Premier international glass show has large RIT imprint
Jul 12, 2017
Photo by Ray Gumbley: Jennifer Halvorson’s cast glass work, “Inhale Exhale,” is in the 2017 Young Glass exhibit that is currently showing in Denmark.
A handful of youthful artists with RIT connections created projects that are being featured in a once-in-a-decade, competitive, ongoing exhibition that will touch three European countries across 16 months.
Four graduates of the School for American Crafts’ glass program, plus a 2017 MFA candidate, had their art selected for the exclusive 2017 Young Glass show, held by Denmark museum Glasmuseet Ebeltoft. They were chosen from a worldwide pool of candidates, with glass works by 57 artists under the age of 35 picked for the exhibit by a high-profile, international jury.
The RIT glass graduates and student who have pieces being shown overseas include: Rebecca Arday (BFA glass, 2008), Karen Donnellan (MFA glass, 2011), Sarah Gilbert (BFA, 2005), Jennifer Halvorson (MFA, 2011) and Jamie Katz (MFA candidate). Katz anticipates graduating from the program this summer.
Photo by Elizabeth Torgerson-Lamark: Jamie Katz' "Being a Passenger" is a large piece that was selected for the Young Glass show.
Young Glass is a major global competition started by Glasmuseet Ebeltoft in 1987. Now in its fourth iteration, Young Glass is repeated every 10 years to highlight fascinating pieces and innovation by up-and-coming artists working with glass.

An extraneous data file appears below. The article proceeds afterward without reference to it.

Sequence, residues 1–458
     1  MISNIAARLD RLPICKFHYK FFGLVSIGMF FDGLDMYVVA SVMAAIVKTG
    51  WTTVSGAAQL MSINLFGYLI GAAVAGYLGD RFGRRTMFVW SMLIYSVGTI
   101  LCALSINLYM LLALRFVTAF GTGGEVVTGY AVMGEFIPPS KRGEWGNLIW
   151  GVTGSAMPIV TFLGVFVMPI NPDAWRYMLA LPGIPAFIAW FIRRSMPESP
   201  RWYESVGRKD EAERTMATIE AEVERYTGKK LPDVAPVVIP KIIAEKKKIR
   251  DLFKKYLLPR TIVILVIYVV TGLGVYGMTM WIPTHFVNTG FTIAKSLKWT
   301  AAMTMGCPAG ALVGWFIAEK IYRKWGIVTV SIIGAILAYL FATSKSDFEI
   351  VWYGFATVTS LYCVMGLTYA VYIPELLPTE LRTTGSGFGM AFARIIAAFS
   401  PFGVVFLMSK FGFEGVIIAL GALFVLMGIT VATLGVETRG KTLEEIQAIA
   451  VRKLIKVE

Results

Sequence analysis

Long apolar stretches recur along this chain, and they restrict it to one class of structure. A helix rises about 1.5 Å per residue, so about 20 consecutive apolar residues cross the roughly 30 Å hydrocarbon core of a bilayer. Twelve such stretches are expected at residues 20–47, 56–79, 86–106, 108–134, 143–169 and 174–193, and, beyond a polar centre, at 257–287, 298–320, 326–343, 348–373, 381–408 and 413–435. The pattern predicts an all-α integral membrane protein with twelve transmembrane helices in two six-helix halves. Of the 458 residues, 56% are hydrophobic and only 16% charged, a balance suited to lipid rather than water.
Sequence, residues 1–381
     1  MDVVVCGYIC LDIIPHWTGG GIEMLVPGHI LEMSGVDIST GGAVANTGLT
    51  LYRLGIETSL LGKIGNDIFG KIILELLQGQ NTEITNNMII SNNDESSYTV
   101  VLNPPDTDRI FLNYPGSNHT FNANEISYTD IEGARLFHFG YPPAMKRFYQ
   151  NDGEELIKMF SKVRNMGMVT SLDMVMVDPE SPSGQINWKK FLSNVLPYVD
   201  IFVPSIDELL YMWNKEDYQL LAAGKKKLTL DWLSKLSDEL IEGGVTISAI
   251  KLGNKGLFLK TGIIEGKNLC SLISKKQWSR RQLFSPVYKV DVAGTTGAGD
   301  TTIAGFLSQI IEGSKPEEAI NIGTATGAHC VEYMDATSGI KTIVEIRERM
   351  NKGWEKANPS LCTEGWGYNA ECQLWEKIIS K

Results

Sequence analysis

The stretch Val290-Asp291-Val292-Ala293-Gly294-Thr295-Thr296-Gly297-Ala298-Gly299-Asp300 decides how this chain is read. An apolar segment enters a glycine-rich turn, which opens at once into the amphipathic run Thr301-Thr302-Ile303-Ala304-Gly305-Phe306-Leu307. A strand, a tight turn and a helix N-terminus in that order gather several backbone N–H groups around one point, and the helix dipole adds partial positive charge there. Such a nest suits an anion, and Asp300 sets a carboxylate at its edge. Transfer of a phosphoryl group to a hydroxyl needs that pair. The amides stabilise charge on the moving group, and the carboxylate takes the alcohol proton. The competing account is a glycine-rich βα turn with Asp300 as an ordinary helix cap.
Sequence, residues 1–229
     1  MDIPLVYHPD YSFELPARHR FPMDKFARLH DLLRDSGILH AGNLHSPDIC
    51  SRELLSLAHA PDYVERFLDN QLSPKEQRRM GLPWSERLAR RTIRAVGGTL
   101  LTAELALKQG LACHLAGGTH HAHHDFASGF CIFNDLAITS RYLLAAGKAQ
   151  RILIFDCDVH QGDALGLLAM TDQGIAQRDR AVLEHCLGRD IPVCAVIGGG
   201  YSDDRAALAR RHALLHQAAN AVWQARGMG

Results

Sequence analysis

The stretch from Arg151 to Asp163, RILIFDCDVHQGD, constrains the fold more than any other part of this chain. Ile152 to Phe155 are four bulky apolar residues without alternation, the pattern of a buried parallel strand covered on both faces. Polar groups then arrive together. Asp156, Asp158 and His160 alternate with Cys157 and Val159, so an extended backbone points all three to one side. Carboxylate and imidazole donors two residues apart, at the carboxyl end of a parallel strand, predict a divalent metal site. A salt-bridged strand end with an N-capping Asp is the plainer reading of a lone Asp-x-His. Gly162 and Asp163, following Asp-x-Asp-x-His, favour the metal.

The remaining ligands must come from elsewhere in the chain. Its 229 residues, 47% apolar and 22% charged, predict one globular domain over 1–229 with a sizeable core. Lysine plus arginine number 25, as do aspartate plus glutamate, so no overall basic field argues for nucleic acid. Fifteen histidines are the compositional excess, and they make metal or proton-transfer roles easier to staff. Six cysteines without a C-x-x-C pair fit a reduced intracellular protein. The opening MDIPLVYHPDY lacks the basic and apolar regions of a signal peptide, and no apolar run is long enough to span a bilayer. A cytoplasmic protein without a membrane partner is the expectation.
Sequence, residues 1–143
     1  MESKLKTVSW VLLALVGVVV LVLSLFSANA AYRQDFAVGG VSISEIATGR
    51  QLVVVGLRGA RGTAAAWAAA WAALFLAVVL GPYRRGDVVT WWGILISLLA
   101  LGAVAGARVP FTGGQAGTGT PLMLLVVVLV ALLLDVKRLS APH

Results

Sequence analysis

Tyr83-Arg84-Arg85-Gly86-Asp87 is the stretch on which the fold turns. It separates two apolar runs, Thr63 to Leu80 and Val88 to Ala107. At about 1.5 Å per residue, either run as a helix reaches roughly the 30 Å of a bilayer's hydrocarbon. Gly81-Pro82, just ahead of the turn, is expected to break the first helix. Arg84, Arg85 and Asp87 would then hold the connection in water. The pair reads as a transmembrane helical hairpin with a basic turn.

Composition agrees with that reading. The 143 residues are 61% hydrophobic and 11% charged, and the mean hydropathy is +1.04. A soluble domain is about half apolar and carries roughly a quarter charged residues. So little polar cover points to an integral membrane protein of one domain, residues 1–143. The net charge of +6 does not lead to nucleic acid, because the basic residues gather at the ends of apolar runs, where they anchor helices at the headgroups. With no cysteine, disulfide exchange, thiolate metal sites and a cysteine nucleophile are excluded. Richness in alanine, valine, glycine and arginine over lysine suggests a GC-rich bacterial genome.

All of the chosen artists’ projects went on display at Glasmuseet Ebeltoft June 10, remaining there until Oct. 29. The show is then set to go on a lengthy international tour. The works are scheduled to also be showcased at the Glass Factory in Sweden (November to March 2018) and the National Glass Centre in Sunderland, England (March 2018-October 2018).
Arday was able to make a trip to Denmark and see the exhibit in person.
"Young Glass is essentially a time capsule exhibition that occurs every 10 years, and in effect, has become known as a method gauging thematic shifts in our field,” Arday said. “To have my work represented in the exhibition as one of the pieces creating this type of marker is a true honor.
"I can’t say enough about RIT's glass program and how it has shaped me as an artist,” she added. “It gave me my foundation, and I have been building on it ever since."
Photo by KP Studios: Rebecca Arday has two pieces in the international Young Glass exhibition, including this work, titled “Put to Rest.”
Donnellan had similar sentiments about how she developed as an artist at RIT, which has had a lasting impact on her.
"The glass program at RIT is highly regarded in the U.S. and internationally," she said. "During my time there, my work changed a lot and the experiences, conversations and critiques continue to influence my practice."
Donnellan's piece in Young Glass is a 4-minute, 15-second, two-channel video called "Arc (Wax and Wane)." She said it's exciting to be included in a show that is "packed with conceptual and experimental work that is expanding the perception and definition of the field."
Cash prizes and artist residencies were awarded to some of the exhibit’s participants.
A still from Karen Donnellan’s “Arc (Wax and Wane),” a two-channel video. Videographer: Yuanyuan Zhang.
Photo by Elizabeth Torgerson-Lamark: Arday’s other piece in the show, “Re-Emerging.”
Photo by Derek Kline: "Signs and Signifiers (Mothers Eyes)" by Sarah Gilbert is a featured work in Young Glass, currently on view in Denmark. The piece is part of a larger grouping of works called "Signs and Signifiers."